One of the most innovative fighters of its time, the Yak-38 (NATO reporting name “Forger”) was meant to mark a new chapter in Soviet naval doctrine. Instead, it succeeded only in exposing the crippling limitations of early VTOL aircraft technology.
In the decades following the Second World War, Soviet naval strategists took an increasing interest in aircraft carriers as a tool of maritime power projection and forward deployment. But the Soviet Union, much unlike its U.S. counterpart, was a land power; as such, the Soviet Navy was unwilling to commit to a heavy-class aircraft carrier with a properly elongated flight deck. The Soviets were less interested in single-purpose aircraft carriers than they were in a kind of hybrid cross between a carrier and battleship: in Soviet terminology, a “heavy aviation cruiser” that boasts formidable firepower while doubling a limited launch deck for certain fighter models.
Soviet strategists watched with keen interest as the British debuted the Hawker Siddeley P.1127, the first jet fighter capable of landing and taking off vertically, in 1960. The Soviet Navy promptly concluded that vertical take-off and landing (VTOL) technology was the ideal complement to their vision of a heavy cruiser, and so the Soviet aviation industry got to work on a VTOL fighter. Their first attempt spawned the Yak-36 experimental fighter, powered by two R-27 turbojets and equipped with vector-thrust rear nozzles. It took five years, and four prototypes, to incorporate a functional thrust vectoring system that supported reliable take-off action. The research and development experience of the Yak-36 finally led to the 1976 introduction of the Yak-38, a serially-produced VTOL strike fighter designed for full compatibility with the new Soviet Kiev aviation cruiser.
A remarkable showcase of ambitious aircraft engineering, the Yak-38’s VTOL capabilities stems from one Soyuz R-28 engine and two Rybinsk RD-36 lift turbofans. Though the VTOL system generally worked, the jump jet integration made the Yak-38 notoriously difficult to operate and virtually impossible to master even by veteran pilots. Outside of a higher chance of operator error, a mechanical failure in either of the two jets would cause the fighter spin out of control. Testing runs during the Soviet occupation of Afghanistan discovered that the fighter produced a massive cloud of dirt, dust, and debris when taking off on certain surfaces, not only threatening to clog up the engine but posing a potential hazard to personnel in its vicinity. It didn’t help that the Yak-38’s “smart” ejection mechanism, meant to protect the pilot by automatically ejecting their seat if the aircraft rolls past 60 degrees, was prone to accidental triggers.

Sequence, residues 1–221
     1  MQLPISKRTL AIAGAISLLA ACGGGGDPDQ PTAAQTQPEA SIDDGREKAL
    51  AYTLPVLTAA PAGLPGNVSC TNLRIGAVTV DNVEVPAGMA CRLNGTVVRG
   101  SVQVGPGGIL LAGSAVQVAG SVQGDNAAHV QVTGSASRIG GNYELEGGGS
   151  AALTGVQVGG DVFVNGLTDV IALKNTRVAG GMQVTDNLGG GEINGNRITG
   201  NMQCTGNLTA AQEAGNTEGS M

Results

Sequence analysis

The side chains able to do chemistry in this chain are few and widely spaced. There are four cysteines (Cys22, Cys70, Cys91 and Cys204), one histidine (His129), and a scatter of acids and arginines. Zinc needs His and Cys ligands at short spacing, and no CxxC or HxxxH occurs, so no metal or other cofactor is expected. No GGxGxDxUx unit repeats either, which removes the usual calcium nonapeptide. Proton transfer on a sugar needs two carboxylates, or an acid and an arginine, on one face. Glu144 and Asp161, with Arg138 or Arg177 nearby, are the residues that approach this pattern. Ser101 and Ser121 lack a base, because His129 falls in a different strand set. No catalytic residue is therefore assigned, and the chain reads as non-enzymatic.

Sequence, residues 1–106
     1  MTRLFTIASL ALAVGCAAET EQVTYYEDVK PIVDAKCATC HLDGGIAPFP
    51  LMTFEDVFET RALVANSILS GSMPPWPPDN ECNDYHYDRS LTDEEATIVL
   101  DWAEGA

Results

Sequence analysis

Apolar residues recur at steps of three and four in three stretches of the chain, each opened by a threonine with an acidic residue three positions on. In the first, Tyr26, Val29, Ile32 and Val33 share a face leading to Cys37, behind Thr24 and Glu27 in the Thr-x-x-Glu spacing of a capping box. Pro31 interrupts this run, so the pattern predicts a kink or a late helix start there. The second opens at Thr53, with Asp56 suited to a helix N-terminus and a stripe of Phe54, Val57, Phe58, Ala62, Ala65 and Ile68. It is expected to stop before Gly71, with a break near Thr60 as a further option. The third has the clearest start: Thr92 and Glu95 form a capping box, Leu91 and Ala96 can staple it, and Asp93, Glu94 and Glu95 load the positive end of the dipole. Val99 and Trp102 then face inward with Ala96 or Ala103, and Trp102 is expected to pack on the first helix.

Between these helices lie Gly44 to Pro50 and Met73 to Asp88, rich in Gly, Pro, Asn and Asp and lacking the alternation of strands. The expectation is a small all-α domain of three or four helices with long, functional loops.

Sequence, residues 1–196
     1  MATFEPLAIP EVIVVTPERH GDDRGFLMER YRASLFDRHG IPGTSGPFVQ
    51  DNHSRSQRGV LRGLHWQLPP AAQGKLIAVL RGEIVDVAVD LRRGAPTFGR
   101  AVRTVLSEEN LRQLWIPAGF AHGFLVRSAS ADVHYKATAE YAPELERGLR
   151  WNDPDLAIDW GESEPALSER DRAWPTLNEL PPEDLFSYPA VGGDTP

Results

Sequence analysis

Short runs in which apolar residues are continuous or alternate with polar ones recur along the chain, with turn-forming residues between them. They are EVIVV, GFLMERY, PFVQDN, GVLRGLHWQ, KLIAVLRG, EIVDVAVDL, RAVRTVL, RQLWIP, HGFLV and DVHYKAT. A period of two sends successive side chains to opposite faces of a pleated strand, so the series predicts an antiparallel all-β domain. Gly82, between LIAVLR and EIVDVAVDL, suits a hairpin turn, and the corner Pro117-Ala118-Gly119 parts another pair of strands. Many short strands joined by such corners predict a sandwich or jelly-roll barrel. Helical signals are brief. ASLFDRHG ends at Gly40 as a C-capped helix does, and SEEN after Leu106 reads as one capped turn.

Even setting aside these reliability problems, the Yak-38’s performance as a fighter was underwhelming. The first Yak-38 variant had an ideal range of no more than 320 km, severely constraining its viability as a tool of Soviet naval power projection. Its lack of a radar and anemic weapons loadout of just four hardpoints, typically filled by Kh-23 air-to-surface and R-60 air-to-air missiles, casts its usefulness as an attack aircraft into doubt. Unlike the prolific British Sea Harrier, which entered service in 1968, the Yak-38 lacked the payload and armament potential to play a meaningful battlefield role in most scenarios.
After attempting to salvage the fatally flawed Yak-38 with a slew of unimpressive variants over the next several decades, the Soviets finally gave up on VTOL fighters shortly prior to the 1991 collapse.
The Yak-38 was a poisoned chalice--a remarkable technological achievement with little practical value. The Soviet navy got a barely functional VTOL aircraft, but the Yak-38’s massive performance tradeoffs and reliability issues over conventional fighters were simply not worth it.
Mark Episkopos is the new national security reporter for the National Interest.